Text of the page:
Por Fareed Zakaria // Contenido publicado en The Washington Post
The Democratic National Convention began with a mosaic of Americans reciting the preamble to the U.S. Constitution — a striking display of ethnic, racial and gender diversity. But more important, this time around, the Democrats have taken care to celebrate the kind of ideological diversity that is crucial to winning the White House on Nov. 3.
The convention has prominently featured progressive icons such as Bernie Sanders and Stacey Abrams, moderates including Hillary Clinton and former Republican Mike Bloomberg, and conservatives such as John Kasich, Cindy McCain and Colin Powell. Many on social media reacted furiously to including Republicans, with one user sarcastically asking, “What time is Dick Cheney speaking[?]”
But Joe Biden seems to understand that Twitter will not cast the deciding vote in the election. He is returning to a winning formula for the Democrats, which is to be a big-tent party.
“I am not a member of any organized political party. I am a Democrat,” quipped Will Rogers. The joke expressed an important truth. The Democrats dominated U.S. politics from the 1930s through the 1960s because they included all kinds of people, from Southern segregationists to Northern liberals. It was a Faustian bargain, but that coalition rescued the country from the Great Depression and passed Social Security, Medicare, food stamps, Head Start and a host of other programs that helped Whites and minorities alike.
It wasn’t just a Democratic formula. When Ronald Reagan reshaped the Republican Party in the 1980s, he repeatedly pointed out that he had been a Democrat and a union organizer, that he respected rank-and-file Democrats and that he understood how hard it was for them to break with a decades-long sense of political loyalty. He courted the religious right but from a distance, literally. In his eight years as president, he never attended the annual antiabortion rally — voicing his support by phone instead — even though the event was held half a mile from the White House.
Earlier this year, when asked what role she might play if Biden became president, Rep. Alexandria Ocasio-Cortez (D-N.Y.) said, “Oh God. In any other country, Joe Biden and I would not be in the same party.” She’s probably right, but America is different. For one thing, it’s very big. In fact, it worried the country’s founders that in the past, democracy had flourished only in small city-states. They believed a large, diverse country like America could pose critical challenges to the democratic process. And they were thinking of just the 13 colonies, nestled east of the Allegheny Mountains! In a vast, continental nation of 330 million, with wide variations of geography, economic activity, history and culture, it should be obvious that not everyone sees things the same way.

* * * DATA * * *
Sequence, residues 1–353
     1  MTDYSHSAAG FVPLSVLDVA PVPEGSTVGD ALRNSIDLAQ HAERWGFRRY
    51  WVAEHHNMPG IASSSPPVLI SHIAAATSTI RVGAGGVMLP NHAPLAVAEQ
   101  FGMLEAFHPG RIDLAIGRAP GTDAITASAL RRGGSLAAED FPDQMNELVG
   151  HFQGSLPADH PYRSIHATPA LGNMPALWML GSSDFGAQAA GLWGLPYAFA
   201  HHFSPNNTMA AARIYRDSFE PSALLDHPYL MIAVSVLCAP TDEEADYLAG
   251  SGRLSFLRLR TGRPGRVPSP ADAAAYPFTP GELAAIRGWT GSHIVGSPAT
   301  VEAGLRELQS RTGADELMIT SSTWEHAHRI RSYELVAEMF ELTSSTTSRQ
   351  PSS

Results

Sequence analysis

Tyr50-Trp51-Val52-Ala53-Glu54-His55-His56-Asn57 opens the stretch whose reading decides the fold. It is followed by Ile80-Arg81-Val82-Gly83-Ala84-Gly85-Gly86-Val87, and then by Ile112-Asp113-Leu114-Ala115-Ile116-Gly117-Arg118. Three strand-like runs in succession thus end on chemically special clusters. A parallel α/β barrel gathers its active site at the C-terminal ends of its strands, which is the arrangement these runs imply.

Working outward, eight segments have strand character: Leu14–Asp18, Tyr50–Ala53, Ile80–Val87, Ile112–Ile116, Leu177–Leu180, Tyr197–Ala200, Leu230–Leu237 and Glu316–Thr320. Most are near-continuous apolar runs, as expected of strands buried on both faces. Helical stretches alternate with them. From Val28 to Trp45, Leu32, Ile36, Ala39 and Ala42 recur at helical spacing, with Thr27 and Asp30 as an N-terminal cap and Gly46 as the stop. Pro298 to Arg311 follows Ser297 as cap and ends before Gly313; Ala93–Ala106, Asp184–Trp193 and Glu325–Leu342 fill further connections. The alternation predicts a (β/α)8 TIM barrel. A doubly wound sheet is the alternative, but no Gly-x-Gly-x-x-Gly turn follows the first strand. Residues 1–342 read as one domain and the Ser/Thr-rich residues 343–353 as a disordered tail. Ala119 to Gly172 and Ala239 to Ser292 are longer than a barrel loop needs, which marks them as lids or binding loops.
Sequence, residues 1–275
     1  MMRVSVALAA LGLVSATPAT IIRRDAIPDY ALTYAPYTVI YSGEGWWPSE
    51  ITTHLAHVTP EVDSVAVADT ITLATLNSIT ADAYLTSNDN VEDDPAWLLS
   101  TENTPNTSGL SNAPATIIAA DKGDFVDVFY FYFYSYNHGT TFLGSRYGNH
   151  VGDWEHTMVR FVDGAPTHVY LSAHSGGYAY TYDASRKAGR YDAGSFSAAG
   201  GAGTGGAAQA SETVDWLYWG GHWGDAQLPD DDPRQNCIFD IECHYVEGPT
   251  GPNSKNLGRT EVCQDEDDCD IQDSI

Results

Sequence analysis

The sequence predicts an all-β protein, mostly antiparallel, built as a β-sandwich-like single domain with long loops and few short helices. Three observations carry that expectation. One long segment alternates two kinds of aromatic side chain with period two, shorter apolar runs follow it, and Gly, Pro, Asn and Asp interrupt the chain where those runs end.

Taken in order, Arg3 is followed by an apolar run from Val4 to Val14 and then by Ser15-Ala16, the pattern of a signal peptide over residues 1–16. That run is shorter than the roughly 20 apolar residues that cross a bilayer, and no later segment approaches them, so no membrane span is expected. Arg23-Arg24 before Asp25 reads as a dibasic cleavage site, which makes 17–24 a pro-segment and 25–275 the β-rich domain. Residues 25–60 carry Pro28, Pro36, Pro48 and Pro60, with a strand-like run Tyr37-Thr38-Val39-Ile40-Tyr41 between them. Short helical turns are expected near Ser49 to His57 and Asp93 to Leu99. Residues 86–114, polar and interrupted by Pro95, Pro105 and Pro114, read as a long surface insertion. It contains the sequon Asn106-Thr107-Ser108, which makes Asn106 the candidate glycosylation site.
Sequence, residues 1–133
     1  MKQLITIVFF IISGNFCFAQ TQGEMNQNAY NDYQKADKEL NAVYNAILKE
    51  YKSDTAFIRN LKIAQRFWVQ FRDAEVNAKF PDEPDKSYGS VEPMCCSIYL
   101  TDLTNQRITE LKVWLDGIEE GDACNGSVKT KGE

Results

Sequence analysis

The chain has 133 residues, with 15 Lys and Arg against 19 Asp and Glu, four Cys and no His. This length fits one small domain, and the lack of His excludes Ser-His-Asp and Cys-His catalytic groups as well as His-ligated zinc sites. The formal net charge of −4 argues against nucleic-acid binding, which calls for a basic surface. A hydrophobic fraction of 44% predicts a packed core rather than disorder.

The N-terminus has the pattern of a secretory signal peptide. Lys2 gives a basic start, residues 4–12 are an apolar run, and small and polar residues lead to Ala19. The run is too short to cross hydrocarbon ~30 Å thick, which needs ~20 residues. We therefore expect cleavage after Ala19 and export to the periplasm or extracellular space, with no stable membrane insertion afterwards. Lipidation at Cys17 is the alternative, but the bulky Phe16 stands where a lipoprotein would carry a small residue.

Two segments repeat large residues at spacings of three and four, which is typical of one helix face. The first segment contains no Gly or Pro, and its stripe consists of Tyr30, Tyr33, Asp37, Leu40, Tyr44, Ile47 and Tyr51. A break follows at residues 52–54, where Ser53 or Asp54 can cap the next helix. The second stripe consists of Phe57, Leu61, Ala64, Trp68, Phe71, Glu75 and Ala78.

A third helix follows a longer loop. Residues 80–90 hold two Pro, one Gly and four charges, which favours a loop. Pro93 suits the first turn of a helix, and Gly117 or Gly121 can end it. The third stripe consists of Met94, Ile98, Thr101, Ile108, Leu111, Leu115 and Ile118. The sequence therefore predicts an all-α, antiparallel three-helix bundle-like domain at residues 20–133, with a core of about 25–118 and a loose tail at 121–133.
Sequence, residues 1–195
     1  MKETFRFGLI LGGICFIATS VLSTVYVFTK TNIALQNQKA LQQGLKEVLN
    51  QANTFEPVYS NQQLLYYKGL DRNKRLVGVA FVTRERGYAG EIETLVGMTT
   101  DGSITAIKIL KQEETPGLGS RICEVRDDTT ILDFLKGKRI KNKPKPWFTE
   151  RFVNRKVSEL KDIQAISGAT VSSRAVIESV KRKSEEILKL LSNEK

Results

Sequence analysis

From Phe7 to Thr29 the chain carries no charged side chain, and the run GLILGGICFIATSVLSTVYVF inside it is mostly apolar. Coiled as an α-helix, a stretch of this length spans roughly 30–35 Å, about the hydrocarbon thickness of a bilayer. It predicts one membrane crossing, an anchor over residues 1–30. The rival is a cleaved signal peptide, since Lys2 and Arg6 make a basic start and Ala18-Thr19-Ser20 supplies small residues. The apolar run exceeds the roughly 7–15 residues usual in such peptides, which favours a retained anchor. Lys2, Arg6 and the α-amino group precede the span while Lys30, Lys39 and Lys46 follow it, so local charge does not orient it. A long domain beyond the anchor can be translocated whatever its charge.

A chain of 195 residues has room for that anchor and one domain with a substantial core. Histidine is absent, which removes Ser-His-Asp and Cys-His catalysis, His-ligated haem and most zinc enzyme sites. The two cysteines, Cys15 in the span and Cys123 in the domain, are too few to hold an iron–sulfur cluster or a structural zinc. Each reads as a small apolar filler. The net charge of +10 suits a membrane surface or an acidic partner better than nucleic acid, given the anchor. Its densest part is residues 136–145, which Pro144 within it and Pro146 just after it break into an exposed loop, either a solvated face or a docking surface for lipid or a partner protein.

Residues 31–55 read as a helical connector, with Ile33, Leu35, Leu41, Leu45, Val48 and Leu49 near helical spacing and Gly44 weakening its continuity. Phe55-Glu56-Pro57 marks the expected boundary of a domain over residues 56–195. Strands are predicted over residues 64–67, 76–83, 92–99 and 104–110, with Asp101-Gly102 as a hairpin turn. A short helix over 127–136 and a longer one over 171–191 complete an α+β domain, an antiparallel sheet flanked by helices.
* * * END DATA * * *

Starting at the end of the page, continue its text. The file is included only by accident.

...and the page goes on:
For some ideological warriors, to accept this reality is to make sordid compromises. But it is the durable way to actually get things done. Sanders is a powerful force in America and has raised many important issues. But in his three decades in Congress, he has been the lead sponsor of just seven bills that have been enacted — two of which named post offices. If you want to translate ideas into action, you have to grapple with the political realities of the country. Whether on immigration or infrastructure, you are likely to make enduring changes only if you can build a coalition.
Vox’s Ezra Klein makes the case that Democrats in particular need to have a broad appeal. Their constituency is more diverse than that of Republicans to start with — from Northern Whites to Southern Blacks to Latinos in the West. Add to this redistricting and the electoral college, which help Republicans gain power even when they cannot get a majority of votes, and Democrats have a compelling practical reason to be a big-tent party.
There may even be a larger virtue in this kind of broad approach. One recent study found that ideologically diverse teams produce better work than homogeneous ones. Summarizing in the Harvard Business Review, the researchers noted that at the individual level, bias can lead to foolish investments and erroneous conclusions. But people with strong political biases are also passionate and hard-working and dig deep for information to prove their case. “Collectively, teams with mixtures of bias that are willing to engage and collaborate can yield superior performance,” they concluded.
Last year, Stanford scholars gathered 523 registered voters to talk to one another about their disagreements in small groups. After several days, liberals and conservatives had both changed their views significantly, and the share of participants who believed American democracy was “working well” had doubled from 30 percent to 60 percent. If the Democrats continue to embrace this kind of deliberative democracy, they will have an opportunity to make policy changes that endure, and perhaps more importantly, to heal this country’s broken democratic culture.